How can I manage working relationships effectively at school?
This article was produced by the Education Support Partnership. It is the UK’s only charity providing mental health and wellbeing support services to all education staff.
Types of relationship
Education staff have to deal with a number of different types of relationships with all types of people. The difficulty is in knowing how to manage the differing needs, expectations and requirements of each one. Think about all the relationship roles that you currently have within your workplace. These might include mentor, colleague, line manager, friend or parents.
Ask yourself how these relationships are different. Think about how you communicate with your colleagues when you are in each of these roles. What skills are required for each of them? Where are your strengths? What relationships are more challenging than other? Do you struggle to communicate in certain roles?
Difficulties between colleagues can result from a number of behaviours, including disagreements over practice, imbalanced workload (especially within a team where one member is not pulling their weight), perceived lack of support, competitiveness, or indeed any number of issues that arise when people just don’t get on.
The common factor is conflict, a direct disagreement between participants. So it’s worth exploring what that involves.
Disagreements consist of both the objective point at issue and the subjective emotional involvement invested by the participants. Both elements must be addressed for an effective resolution. Resolving the emotional side requires you to understand the situation from the other person’s point of view. This can be particularly hard when your personalities are very different.
We cannot get on with everyone we meet. All of us have character traits that will cause difficulty for others. We need to understand those differences in order to cope with them. We also need to understand how conflict can arise – both from ourselves and others – when dealing with a difficult person. Different personality types react in characteristic ways in conflict situations. Recognising these dynamics is the first step to coping with the situation, and you can begin by recognising the role that you yourself play.
Improving your own response to conflict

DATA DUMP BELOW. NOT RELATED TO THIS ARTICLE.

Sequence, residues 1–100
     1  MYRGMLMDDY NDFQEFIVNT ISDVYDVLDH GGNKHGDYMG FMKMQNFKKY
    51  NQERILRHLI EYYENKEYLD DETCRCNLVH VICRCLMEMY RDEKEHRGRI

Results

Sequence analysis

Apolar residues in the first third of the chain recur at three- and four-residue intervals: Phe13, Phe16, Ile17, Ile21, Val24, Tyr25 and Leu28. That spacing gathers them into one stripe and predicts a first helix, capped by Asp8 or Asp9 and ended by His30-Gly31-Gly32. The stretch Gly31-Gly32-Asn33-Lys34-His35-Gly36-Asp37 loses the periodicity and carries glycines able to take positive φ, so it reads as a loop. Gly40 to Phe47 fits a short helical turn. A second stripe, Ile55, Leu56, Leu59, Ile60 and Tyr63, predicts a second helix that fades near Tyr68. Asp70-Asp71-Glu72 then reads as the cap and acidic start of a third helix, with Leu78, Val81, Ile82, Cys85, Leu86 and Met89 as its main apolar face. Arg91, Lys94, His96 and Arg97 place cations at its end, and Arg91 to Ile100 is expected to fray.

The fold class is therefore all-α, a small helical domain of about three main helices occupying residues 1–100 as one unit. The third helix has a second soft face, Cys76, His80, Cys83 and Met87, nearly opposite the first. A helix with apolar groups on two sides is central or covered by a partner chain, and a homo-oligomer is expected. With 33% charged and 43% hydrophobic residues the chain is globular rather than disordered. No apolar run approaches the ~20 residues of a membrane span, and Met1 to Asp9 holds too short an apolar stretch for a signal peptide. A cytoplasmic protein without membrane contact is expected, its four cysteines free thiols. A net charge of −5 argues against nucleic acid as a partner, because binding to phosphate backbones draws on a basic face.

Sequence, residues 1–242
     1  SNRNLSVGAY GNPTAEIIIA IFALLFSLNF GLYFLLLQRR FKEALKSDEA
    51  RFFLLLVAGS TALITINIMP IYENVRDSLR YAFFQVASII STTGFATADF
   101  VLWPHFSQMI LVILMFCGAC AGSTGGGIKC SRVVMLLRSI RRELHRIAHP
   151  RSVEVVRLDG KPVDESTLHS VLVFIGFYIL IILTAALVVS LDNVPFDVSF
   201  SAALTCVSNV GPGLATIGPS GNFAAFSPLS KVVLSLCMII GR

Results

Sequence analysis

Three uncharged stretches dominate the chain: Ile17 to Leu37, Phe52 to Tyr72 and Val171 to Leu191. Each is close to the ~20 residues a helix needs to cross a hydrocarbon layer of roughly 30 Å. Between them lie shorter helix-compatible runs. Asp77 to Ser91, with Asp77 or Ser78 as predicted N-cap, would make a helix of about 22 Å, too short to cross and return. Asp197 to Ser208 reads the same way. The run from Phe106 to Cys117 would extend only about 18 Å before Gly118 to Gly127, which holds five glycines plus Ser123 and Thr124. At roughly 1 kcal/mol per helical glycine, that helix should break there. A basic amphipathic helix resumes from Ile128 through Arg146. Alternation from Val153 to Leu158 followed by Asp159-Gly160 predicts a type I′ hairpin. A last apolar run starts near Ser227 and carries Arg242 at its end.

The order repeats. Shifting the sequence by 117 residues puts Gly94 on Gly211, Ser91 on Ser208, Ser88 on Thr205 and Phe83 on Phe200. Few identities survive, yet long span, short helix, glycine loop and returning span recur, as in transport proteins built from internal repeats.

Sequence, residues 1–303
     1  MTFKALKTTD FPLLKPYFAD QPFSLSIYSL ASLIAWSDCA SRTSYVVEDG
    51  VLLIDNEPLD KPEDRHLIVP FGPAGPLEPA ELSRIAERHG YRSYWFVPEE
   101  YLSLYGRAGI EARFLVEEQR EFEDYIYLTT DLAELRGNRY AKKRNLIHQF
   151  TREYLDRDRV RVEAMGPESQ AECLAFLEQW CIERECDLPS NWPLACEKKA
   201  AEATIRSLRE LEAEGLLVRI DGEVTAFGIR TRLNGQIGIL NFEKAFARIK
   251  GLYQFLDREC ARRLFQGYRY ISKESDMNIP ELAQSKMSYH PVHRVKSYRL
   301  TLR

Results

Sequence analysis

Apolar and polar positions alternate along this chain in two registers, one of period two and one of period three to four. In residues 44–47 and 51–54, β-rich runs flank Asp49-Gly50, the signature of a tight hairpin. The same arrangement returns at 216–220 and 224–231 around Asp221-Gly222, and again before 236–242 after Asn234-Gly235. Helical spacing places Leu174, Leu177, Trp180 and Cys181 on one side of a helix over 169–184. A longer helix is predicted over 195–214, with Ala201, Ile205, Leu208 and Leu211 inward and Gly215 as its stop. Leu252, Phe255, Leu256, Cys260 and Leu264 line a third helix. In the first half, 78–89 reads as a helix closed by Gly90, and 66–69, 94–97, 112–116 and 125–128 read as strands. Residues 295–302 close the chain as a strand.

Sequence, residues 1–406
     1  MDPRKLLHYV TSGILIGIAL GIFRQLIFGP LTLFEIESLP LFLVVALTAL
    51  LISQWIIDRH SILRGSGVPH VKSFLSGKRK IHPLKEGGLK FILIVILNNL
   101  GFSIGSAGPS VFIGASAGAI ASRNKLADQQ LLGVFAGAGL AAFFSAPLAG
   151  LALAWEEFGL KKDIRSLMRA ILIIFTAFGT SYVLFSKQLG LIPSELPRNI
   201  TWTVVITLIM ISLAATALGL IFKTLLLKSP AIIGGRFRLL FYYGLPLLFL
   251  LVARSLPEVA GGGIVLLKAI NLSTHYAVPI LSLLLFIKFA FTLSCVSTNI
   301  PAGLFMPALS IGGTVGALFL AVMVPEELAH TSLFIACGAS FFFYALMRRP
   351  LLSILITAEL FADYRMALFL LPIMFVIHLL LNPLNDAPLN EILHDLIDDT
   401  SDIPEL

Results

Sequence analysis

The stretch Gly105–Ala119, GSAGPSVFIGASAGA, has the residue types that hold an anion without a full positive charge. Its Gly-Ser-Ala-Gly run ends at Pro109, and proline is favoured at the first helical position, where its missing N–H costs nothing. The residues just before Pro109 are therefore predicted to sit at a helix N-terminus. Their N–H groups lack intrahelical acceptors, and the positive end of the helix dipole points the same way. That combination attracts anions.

Learn to recognise and control your defence mechanism. Identify your triggers. Consider what always makes you angry. Do certain words instantly provoke a reaction? Are you irritable before your coffee? Are there certain times of day that are better for you than others?
Next identify how you usually react. Do you tend to shout back? Do you withdraw? Can you be passive aggressive?
Consider taking the following positive steps:
- Learn to listen
- Try to be open and receptive
- Ensure that you understand what is being said to you – calmly ask someone to clarify if you do not
- Be aware of your own strengths and weaknesses
- Actively take steps to work on your weaknesses, particularly those that affect your work life relationships
If you feel that your own behaviour is not the only factor in the conflict, perhaps the source of your difficulty is ineffective communication.
Being able to identify different types of people can help you to assess and frame your responses so that someone is more likely to understand. You can then alter your behaviour accordingly to get results. There will obviously be situations in which you do not have time to diagnose a personality type, but there are some useful tips you can use:
- Watch the person to see if there are repeat occurrences of the behaviour. If it happens more than twice, it is unlikely to be an accident
- Think about stress, not only for the person involved but also yourself. Stress clouds the judgement and alters your perspective
- Try talking on a personal level to the individual. It might not resolve the difficulty in itself, but it will certainly help in your assessment of your mutual situation
Sometimes an external facilitator or mediation service can assist when two or more people would like their relationships to be better. This can often prevent problems from escalating and keeps the control of the outcome with the parties concerned.